A key component aboard GOES-R is the Advanced Baseline Imager (ABI). This Earth-facing instrument is able to gather weather imaging from across 16 disparate spectral bands – two in the visible spectrum, four near-infrared, and ten infrared – providing three times more channels of data than the satellites preceding it.
The Harris Corporation-designed instrument will account for approximately 90 percent of the science data coming from GOES-R, supplying updated weather data as quickly as every 30 seconds.
When SpaceFlight Insider asked how he would classify the advancement of the ABI instrument over what is on the previous generation of GOES spacecraft, ABI Project Manager Paul Wloszek didn’t mince words.
“It is a revolution,” stated Wloszek. “A lot of people talk about it like going from a biplane to a fighter jet.”
After a six-month shakedown and validation process, GOES-R will take an active role in enhancing weather and climate forecasting in the Western Hemisphere.
“GOES-R will substantially improve our nation’s weather and space weather prediction capability,” said Tim Gasparrini, GOES-R vice president and program manager at Lockheed Martin Space Systems said via a release issued by the company. “This is a prime example of how our expertise in spacecraft development, Earth instruments and space-science instruments can combine to save lives and property.”
“Our nation now has a new weather sentinel, and the data it will produce will soon be vital to our severe storm prediction and warnings,” said Lisa Callahan, vice president and general manager of Civil Space at Lockheed Martin Space Systems. “The data will not only keep our citizens out of harm’s way but will also be used across the Americas.”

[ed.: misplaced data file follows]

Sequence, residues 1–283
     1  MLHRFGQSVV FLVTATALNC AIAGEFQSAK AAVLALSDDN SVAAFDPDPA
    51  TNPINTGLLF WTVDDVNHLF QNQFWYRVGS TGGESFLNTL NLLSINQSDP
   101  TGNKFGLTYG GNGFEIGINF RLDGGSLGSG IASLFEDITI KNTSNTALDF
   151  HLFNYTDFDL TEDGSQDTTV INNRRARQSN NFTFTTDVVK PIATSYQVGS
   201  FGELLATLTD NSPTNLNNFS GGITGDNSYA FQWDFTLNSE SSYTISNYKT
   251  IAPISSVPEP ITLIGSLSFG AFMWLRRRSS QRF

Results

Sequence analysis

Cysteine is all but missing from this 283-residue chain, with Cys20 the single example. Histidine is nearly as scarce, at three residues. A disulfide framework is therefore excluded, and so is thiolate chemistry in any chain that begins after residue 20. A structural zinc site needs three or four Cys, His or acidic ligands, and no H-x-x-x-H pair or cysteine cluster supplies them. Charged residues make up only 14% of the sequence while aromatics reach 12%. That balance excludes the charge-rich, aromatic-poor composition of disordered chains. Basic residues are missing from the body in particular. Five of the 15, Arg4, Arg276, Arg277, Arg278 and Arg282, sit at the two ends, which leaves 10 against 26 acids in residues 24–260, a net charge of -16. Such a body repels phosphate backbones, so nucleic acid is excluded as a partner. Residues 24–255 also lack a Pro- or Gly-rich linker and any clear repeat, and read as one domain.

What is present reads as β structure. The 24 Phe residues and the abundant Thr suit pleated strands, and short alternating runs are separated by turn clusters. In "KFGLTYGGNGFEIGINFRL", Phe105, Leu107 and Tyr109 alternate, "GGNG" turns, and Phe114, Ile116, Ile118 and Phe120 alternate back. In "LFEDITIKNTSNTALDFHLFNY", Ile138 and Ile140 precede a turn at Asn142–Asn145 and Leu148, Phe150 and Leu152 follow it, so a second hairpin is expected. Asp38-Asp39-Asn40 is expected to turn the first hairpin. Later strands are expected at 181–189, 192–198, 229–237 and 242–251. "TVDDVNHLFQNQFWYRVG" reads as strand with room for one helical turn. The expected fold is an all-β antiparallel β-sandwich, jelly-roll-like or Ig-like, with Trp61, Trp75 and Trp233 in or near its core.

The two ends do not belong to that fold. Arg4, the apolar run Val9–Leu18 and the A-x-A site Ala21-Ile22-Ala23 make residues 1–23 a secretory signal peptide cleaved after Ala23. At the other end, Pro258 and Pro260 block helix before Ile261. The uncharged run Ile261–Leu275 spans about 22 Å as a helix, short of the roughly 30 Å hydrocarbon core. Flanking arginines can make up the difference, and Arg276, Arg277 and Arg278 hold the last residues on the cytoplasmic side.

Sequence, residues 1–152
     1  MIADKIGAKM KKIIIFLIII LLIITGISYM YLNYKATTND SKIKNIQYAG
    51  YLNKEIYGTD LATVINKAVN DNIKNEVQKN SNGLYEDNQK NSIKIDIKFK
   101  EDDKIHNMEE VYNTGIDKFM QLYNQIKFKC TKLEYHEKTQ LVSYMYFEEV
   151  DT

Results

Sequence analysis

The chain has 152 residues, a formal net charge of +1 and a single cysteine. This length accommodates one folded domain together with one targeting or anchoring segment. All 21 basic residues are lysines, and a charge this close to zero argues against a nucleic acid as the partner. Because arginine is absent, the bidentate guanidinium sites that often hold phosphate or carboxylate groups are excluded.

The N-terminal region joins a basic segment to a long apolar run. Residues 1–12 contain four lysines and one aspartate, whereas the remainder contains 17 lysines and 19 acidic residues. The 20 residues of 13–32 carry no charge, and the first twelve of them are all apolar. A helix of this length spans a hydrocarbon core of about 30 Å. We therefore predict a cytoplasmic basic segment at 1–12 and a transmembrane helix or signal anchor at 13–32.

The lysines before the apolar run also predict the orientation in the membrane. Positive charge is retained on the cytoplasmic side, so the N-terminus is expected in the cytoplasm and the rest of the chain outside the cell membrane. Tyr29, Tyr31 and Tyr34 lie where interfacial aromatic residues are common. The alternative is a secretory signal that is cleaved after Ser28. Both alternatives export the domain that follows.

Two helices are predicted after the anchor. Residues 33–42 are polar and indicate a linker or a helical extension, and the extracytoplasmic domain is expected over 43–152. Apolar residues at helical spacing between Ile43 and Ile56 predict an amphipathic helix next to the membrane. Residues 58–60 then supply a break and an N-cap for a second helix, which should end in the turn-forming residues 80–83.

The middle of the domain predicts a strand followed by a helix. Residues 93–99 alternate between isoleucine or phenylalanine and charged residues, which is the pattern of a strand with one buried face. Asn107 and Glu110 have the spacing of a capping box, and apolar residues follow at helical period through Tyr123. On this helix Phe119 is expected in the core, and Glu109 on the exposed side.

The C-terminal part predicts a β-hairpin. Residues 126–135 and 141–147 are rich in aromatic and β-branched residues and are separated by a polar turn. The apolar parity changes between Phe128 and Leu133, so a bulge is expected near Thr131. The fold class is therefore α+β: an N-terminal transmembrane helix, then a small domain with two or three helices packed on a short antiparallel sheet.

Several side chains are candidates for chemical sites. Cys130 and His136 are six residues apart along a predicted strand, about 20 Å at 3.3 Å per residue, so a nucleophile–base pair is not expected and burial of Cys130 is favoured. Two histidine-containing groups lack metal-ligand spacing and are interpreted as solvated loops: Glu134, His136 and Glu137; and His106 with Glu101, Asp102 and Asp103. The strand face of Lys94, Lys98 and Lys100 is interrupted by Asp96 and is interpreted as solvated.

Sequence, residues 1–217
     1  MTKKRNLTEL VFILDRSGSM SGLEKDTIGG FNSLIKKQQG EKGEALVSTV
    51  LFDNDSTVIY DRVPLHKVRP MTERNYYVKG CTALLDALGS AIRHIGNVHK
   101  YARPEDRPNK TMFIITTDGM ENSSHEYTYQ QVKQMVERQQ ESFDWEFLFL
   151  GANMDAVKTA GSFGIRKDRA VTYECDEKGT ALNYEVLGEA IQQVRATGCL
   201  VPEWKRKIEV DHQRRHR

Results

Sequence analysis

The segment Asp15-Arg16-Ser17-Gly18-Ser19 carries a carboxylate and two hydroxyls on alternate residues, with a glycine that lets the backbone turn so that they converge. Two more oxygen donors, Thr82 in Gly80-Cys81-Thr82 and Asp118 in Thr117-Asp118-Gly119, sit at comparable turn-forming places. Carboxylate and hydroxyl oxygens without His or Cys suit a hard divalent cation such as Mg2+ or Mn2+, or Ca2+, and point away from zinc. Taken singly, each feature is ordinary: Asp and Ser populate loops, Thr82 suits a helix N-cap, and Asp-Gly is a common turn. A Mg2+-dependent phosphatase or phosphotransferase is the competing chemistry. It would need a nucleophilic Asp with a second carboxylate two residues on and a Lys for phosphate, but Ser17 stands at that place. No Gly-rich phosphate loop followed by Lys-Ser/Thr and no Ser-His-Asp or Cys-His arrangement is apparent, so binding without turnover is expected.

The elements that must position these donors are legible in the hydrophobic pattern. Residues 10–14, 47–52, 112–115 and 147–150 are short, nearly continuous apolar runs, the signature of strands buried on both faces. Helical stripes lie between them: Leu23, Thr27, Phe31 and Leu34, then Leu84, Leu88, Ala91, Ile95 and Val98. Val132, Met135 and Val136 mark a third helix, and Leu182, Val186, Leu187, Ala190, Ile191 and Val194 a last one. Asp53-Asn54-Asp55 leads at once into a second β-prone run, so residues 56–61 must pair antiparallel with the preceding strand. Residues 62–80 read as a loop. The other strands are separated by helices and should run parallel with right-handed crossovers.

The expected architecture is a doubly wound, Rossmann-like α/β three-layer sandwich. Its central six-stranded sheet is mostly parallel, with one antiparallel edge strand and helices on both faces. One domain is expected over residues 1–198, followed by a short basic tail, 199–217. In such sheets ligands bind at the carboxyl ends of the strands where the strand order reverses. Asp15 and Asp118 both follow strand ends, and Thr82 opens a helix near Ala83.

As the newer series of GOES spacecraft come online, NOAA and NASA have some flexibility in how the older satellites will be handled.
According to Wloszek, the older spacecraft could be “drifted” to cover a different part of the world, or placed in orbital storage, able to be recalled to service should the need arise. Should it be determined that there is no longer a need for an older GOES satellite, it can be placed in a graveyard orbit, far from operational orbital slots.
Today’s launch was the 67th flight of any Atlas V over its 14-year history. It was the second in only 8 days. Overall, it was the 113th successful launch in a row for the whole Atlas program.
Next up for the Atlas V is the Dec. 16 launch of EchoStar 19 at Cape Canaveral’s SLC-41. It will launch in the 431 configuration. Before that, however, ULA is slated to launch a Delta 4 Medium rocket. That flight, which will take the eight Wideband Global SATCOM spacecraft to orbit for the U.S. military, is scheduled to fly on Dec. 7.
Video courtesy of NASA
Curt Godwin has been a fan of space exploration for as long as he can remember, keeping his eyes to the skies from an early age. Initially majoring in Nuclear Engineering, Curt later decided that computers would be a more interesting - and safer - career field. He's worked in education technology for more than 20 years, and has been published in industry and peer journals, and is a respected authority on wireless network engineering. Throughout this period of his life, he maintained his love for all things space and has written about his experiences at a variety of NASA events, both on his personal blog and as a freelance media representative.